Guest column: Bishop Carpenter and the issue of race

August 20, 2007

The article by the Rev. Doug Carpenter in the July 2007 issue of Episcopal Life brought forth strong memories to many of us who grew up in the Diocese of Alabama. I was especially pleased to see Bishop Carpenter in the less ornate vestments which represent the Episcopal Church to many Episcopalians. I speak here as a cradle Episcopalian, the granddaughter, widow, and sister-in-law of Episcopal clergymen.

Doug Carpenter's facts are not new to me. In contrast, however, a liberal Episcopal priest in another Province IV diocese wrote to me and said he welcomed the article, because it brought new light to the race issue in the Diocese of Alabama: "...Bp. Carpenter's name was addressed first in Dr. King's letter, which was also addressed to his coadjutor, George M. Murray. Many undoubtedly would have assumed he must have been a leading clerical segregationist."

This friend asked me to tell him what I remember about Bishop Carpenter. When I did, he suggested I share my memories.

I lived in Montgomery, Alabama, in the late '30s and early '40s. My family was active at the Church of the Ascension, and Bishop Carpenter was our bishop. At that time, Montgomery and all of Alabama was racially segregated. The term "Black" was not used then as an accepted category of race, as it is now. Doug Carpenter's father was my bishop until 1962 when I moved to Florida.

I have an old but distinct young child's memory of hearing a group of adults in Montgomery talking about Bishop Carpenter. They were going on and on about how much too liberal he was -- how he "loved" the Negroes too much. Later in the 1940s and living in Mobile, Alabama, I was active with the diocesan youth group. When I went to the diocese's Camp McDowell, our youth leader made it clear to all of us that soon we would be welcoming Negroes to our camp, and that we would graciously accept them. All that comprised the milieu of a child and a young Episcopalian in Alabama during those years. My memories surely reflect the leadership of the Episcopal bishop of Alabama.

I moved from Alabama with my husband when he attended Virginia Seminary, 1957-1960. I was a segregationist until then. Before that, I had only been as far north as Maryland on one occasion at age 15.

I had been taught racial segregation since birth. The first Black people whom I met in a social or intellectual setting, were introduced to me at Virginia Seminary, in the late 1950s. Accepting Black people did not happen easily for me. I remember talking with Doug Carpenter, my husband's seminary classmate, about how difficult that was for me. Doug and I had been friends for years, having met at Camp McDowell in the 1940s. I remember Doug being surprised at what I said. That is normal, since he had been out in the world (translate "up North") in school for some time and had made the transition that I was yet to make. It may not have been much of a transition for him, however, with parents who were more liberal than mine. My liberal Province IV friend has pointed out that "...while clearly the majority of white southerners were bigots, there were many who were not."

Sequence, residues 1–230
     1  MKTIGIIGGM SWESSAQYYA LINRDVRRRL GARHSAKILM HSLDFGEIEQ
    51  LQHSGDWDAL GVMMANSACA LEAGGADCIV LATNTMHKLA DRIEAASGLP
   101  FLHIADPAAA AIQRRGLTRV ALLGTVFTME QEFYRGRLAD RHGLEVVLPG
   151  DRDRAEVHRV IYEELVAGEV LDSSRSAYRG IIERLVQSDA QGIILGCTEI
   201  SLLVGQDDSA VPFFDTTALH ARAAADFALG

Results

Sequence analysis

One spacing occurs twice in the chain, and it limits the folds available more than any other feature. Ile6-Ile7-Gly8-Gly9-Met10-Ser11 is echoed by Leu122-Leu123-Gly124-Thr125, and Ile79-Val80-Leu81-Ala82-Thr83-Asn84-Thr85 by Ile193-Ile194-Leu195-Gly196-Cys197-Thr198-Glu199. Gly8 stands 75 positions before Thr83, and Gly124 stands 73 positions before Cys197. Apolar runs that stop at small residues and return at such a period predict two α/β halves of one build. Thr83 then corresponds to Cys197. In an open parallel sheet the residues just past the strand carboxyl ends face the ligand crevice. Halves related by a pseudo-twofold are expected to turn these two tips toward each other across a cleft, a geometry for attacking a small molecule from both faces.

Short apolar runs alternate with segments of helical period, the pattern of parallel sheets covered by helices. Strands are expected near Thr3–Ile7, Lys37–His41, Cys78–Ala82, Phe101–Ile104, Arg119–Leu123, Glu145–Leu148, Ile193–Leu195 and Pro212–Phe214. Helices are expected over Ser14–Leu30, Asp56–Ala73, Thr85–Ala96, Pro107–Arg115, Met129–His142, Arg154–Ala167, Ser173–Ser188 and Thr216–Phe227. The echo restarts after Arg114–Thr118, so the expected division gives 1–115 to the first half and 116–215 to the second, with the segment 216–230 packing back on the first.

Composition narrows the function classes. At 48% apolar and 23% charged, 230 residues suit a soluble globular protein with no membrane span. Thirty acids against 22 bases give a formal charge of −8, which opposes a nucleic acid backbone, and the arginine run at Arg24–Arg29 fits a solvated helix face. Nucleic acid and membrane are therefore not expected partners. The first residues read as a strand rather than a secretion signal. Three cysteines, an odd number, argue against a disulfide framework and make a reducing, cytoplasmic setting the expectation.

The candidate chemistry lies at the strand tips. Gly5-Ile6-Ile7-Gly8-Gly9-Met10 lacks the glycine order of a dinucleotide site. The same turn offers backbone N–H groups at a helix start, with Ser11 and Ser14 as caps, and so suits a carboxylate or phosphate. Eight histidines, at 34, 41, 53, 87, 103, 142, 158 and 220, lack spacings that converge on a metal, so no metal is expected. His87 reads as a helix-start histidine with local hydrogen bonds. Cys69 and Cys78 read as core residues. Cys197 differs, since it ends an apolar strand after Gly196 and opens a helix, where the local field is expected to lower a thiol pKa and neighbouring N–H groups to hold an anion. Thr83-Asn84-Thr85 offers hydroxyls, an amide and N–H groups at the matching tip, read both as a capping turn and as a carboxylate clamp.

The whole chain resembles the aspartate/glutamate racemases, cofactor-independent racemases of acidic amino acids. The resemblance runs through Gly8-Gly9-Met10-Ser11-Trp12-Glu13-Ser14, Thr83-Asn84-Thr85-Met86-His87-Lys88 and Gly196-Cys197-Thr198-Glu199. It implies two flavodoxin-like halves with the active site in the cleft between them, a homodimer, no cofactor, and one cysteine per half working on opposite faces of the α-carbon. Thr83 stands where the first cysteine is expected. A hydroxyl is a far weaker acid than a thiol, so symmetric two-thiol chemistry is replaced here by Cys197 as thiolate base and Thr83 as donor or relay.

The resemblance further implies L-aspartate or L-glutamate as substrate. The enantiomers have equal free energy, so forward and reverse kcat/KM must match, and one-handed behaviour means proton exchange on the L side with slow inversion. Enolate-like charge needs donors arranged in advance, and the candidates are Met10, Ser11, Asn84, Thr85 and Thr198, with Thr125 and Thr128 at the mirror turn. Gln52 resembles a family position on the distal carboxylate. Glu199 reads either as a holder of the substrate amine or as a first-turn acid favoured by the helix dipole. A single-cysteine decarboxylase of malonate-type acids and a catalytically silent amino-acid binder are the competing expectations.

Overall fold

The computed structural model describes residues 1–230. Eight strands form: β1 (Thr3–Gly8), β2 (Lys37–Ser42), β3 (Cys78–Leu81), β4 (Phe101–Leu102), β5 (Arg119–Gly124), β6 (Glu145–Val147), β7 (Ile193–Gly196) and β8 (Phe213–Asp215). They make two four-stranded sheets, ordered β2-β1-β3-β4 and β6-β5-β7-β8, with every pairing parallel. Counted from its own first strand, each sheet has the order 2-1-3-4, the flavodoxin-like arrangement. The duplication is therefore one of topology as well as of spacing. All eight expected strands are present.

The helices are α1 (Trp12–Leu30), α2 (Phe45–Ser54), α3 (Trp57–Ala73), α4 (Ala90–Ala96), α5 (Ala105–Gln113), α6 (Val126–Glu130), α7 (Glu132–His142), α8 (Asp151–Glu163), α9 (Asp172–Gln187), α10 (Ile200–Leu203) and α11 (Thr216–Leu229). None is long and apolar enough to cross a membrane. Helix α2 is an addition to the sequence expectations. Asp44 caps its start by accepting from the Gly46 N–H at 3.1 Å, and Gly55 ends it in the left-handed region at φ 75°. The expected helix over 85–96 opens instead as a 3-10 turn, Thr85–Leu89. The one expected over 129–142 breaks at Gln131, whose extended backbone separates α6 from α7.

I lived in New York City for 15 years. People would ask me how I could have ever been a segregationist. I explained that it's like learning to talk. I was taught a way of life. Later, I learned a new way of life, just as some learn to speak a new language. I worked for the Pension Fund in New York and for two presiding bishops. I am pleased to say that this gave me the opportunity to meet people outside the South who try to understand the dichotomy of the racial situation in our country as well as in the Diocese of Alabama, then and now.

The Diocese of Alabama comprised the entire state of Alabama until 1971. Bishop Carpenter, and after 1953, Bishop George M. Murray, his suffragan, led the diocese slowly but steadily to accept racial integration. Unfortunately, both of these bishops were misunderstood by many. The conservatives thought they were too liberal, and the liberals thought they were too conservative.

These are my observations and my memory of Bishop Carpenter and the issue of race. What a great guy he was! Many of us adored him, and I still do. His reputation, as perceived by many who were not involved in his diocese, became a victim of the times. However, if anyone has the love of several generations of an entire state, Bishop Carpenter does.

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